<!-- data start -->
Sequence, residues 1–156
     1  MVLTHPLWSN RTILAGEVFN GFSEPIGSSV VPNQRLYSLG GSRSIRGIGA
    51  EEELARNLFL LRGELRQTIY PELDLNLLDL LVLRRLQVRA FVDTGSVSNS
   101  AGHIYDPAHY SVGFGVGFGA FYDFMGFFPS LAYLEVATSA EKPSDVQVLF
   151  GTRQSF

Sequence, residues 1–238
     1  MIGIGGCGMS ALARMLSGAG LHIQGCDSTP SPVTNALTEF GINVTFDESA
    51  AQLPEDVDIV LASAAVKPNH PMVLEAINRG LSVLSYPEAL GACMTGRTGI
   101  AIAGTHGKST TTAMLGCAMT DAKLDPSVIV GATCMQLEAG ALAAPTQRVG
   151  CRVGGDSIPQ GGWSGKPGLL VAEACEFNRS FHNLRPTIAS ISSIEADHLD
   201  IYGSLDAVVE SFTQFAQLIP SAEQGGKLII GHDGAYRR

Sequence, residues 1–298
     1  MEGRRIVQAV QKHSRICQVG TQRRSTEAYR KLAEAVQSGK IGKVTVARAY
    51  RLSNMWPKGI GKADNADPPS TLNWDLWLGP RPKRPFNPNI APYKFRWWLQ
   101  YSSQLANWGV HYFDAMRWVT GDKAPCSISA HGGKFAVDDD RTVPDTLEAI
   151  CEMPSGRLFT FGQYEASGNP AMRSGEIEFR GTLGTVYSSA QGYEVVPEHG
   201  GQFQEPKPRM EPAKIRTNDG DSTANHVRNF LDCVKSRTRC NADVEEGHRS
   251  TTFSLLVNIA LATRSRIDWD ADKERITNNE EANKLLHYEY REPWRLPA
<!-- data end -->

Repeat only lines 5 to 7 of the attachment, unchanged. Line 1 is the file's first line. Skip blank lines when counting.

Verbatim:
   151  GTRQSF

Sequence, residues 1–238
     1  MIGIGGCGMS ALARMLSGAG LHIQGCDSTP SPVTNALTEF GINVTFDESA